When starting intranet-based online discussions in an organisation, whether they are forums, blogs, comments on articles, or internal Twitter-style tools, how should you go about moderating them and maintaining their effectiveness? Where do you begin with writing policies and guidelines on use? Should you even monitor the discussions at all?
These questions come up frequently for intranet and internal communication teams. This article will outline:
- some best practice examples of policies and guidelines
- several different models and approaches for moderating online discussion
- the need for a clear post-launch strategy to encourage discussion
Fundamental to success
One point to recognise is that good governance and moderation is vital to the success of these platforms. But there’s no one-size-fits-all solution, either.
Many organisations share similar concerns about online employee discussion. But the differences between organisations — in size, culture, history and employee experience — are important factors in whether and how moderation is implemented.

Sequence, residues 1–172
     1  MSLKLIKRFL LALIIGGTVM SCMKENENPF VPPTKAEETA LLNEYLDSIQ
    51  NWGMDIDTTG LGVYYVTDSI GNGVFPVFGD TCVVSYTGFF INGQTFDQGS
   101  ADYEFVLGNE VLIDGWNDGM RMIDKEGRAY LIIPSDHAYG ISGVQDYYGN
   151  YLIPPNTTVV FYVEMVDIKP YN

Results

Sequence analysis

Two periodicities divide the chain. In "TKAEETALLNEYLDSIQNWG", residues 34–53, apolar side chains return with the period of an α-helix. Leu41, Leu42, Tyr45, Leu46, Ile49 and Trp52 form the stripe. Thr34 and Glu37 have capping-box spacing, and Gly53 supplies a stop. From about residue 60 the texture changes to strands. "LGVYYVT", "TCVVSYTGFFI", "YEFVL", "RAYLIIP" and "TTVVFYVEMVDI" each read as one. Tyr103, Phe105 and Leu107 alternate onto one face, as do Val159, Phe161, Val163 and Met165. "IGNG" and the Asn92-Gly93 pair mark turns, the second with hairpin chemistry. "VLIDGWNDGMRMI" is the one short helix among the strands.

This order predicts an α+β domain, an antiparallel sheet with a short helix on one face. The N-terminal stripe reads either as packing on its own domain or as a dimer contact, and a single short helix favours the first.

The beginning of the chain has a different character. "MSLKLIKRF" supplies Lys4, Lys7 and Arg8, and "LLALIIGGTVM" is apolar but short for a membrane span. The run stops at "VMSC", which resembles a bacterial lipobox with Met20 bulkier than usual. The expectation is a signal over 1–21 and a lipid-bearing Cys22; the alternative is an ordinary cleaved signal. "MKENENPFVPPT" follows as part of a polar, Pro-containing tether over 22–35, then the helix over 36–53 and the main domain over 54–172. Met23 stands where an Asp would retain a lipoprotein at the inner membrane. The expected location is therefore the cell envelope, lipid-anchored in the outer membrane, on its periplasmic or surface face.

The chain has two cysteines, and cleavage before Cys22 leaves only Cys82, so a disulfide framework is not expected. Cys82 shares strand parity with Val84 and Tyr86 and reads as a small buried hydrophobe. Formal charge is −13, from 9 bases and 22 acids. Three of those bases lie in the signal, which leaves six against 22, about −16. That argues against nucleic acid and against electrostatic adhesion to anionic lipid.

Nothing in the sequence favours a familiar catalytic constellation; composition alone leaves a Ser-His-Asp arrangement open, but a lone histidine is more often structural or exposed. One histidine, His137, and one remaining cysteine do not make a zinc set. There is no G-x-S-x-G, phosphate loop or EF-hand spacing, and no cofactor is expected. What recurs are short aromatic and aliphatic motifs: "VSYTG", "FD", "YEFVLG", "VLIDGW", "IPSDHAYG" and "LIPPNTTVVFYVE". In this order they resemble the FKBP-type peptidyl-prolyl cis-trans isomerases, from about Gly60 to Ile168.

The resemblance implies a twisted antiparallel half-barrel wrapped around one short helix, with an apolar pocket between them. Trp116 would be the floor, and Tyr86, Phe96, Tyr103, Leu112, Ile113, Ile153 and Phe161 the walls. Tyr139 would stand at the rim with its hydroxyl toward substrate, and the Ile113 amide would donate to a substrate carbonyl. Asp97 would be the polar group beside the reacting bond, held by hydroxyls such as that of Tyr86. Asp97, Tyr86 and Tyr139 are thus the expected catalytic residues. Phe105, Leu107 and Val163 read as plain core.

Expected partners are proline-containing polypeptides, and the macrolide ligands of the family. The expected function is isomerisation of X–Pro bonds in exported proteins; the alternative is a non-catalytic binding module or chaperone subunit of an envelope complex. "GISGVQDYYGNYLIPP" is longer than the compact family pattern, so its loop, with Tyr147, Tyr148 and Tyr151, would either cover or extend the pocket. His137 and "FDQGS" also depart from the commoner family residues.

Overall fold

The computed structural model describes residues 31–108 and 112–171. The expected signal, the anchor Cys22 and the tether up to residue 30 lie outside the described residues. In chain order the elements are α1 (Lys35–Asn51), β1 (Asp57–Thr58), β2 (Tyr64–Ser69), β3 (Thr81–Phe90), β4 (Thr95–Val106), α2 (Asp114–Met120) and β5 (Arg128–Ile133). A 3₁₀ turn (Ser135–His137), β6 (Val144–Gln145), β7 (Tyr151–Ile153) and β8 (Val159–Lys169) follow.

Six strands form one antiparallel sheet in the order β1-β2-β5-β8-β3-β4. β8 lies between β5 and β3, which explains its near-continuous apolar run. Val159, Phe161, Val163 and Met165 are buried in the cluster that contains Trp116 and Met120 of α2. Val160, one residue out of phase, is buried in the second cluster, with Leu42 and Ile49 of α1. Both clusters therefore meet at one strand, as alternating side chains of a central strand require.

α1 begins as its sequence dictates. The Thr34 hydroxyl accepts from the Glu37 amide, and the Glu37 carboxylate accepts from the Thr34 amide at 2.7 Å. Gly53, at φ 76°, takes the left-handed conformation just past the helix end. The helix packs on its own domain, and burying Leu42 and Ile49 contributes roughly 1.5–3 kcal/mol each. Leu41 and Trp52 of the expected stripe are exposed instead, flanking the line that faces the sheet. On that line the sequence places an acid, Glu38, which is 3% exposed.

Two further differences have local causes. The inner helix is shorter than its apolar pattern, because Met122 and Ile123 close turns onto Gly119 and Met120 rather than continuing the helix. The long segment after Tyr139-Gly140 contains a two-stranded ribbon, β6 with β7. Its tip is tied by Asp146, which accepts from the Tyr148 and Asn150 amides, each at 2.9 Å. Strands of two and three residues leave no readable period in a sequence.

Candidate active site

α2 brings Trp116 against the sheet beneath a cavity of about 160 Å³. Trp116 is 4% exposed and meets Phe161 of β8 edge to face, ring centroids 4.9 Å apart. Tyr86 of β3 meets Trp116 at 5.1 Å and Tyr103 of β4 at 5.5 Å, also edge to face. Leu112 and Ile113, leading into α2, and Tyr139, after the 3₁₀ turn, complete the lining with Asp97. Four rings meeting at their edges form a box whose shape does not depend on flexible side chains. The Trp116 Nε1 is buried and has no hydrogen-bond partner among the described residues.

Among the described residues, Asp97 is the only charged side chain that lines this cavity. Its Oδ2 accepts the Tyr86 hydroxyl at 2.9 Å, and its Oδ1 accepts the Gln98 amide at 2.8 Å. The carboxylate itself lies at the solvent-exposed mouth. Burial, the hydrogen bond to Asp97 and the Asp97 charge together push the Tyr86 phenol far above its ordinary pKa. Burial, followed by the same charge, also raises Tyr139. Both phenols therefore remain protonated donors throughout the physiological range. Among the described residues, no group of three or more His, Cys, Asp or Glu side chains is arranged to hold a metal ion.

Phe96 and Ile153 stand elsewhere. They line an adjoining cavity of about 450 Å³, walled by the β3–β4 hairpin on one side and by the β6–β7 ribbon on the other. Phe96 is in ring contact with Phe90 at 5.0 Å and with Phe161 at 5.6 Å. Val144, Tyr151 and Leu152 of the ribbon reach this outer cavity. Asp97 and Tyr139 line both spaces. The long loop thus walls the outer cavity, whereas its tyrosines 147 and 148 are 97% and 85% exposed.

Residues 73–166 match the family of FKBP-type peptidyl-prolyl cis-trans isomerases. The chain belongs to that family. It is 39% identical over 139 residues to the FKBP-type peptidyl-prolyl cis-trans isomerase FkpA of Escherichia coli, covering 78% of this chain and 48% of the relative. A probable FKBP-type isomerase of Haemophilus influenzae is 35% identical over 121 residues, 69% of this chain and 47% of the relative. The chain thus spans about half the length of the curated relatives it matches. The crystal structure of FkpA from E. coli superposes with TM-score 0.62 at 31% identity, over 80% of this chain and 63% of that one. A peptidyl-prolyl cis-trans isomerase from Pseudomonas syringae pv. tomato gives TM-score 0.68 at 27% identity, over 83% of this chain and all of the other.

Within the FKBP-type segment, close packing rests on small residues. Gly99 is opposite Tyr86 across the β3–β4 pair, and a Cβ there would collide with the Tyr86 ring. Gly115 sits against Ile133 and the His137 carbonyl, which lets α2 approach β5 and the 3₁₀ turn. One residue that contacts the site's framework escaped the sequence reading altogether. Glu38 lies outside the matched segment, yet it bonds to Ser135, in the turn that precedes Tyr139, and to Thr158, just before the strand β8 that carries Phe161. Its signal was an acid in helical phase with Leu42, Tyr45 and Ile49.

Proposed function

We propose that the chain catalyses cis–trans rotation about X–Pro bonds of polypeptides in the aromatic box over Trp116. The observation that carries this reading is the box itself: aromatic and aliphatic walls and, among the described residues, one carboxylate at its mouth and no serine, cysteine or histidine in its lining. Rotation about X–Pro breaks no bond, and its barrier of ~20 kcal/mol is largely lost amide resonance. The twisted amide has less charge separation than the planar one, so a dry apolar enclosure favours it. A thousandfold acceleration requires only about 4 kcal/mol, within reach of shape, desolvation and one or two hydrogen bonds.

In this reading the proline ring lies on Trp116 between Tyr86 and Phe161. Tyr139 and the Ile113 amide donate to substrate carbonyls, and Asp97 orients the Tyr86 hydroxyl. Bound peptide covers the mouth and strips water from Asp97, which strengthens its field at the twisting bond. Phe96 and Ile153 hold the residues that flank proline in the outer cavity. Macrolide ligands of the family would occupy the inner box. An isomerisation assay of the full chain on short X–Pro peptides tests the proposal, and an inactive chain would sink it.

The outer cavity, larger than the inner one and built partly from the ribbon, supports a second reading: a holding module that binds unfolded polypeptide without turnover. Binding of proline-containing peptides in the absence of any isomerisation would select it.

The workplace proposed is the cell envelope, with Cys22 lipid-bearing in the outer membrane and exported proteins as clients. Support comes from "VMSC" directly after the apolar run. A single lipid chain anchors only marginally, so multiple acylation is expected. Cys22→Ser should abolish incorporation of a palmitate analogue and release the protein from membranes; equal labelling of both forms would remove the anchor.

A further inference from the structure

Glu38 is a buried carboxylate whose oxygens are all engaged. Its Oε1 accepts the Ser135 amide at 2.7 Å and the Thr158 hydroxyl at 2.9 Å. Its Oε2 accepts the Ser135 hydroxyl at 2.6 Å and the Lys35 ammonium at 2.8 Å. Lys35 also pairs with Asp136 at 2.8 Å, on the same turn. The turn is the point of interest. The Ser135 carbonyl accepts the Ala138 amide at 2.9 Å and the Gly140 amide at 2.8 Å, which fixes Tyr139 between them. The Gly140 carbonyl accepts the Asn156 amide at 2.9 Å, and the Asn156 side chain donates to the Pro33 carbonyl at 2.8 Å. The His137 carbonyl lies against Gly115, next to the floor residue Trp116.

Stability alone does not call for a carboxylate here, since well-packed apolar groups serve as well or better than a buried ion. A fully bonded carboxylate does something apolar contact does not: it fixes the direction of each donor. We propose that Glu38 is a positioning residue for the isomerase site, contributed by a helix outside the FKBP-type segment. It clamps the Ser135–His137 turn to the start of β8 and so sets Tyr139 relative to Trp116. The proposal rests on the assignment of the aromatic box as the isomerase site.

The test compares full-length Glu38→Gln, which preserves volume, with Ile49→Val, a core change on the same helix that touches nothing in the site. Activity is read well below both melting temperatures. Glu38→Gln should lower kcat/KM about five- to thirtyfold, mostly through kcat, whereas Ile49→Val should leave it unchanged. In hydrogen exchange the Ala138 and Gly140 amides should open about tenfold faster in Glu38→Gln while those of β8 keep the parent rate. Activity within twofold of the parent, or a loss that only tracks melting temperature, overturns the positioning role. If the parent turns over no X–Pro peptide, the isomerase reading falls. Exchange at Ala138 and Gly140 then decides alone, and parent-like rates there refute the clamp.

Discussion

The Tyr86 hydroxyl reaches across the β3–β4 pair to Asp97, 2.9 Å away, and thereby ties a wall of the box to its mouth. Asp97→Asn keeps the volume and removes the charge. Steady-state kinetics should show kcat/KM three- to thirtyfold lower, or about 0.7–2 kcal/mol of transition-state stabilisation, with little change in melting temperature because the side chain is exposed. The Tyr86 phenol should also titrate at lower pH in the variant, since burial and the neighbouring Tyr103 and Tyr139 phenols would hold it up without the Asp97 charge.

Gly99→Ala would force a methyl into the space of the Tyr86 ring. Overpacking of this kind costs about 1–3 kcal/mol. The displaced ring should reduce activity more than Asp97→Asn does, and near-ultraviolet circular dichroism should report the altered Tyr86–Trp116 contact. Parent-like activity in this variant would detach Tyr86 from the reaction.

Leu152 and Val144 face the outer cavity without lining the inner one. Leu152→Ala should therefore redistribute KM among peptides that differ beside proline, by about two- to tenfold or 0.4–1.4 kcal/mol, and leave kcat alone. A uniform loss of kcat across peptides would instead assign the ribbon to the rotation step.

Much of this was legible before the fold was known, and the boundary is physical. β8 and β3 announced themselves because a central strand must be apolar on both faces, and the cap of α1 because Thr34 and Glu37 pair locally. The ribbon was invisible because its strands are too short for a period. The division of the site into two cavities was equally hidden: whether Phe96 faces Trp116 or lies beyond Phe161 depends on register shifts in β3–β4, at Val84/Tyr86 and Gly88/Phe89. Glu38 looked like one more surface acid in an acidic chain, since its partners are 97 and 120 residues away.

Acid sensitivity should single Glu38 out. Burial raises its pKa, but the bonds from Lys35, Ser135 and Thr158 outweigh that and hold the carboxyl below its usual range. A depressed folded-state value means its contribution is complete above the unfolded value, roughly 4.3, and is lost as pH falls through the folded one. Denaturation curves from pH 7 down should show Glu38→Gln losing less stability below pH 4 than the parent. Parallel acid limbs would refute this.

The first step with any online discussion platform should be to establish some guidelines about what will and will not be acceptable. For example, any abusive language and explicit content are obvious exclusions, but just how far will you let something such as criticism go? Allowing people to complain endlessly about not having a vending machine on their floor is asking for trouble, but allowing genuine problems to surface could well be a primary aim. Such questions need to be addressed at an early stage of planning.
[April KM Column by Alex Manchester, read the full article]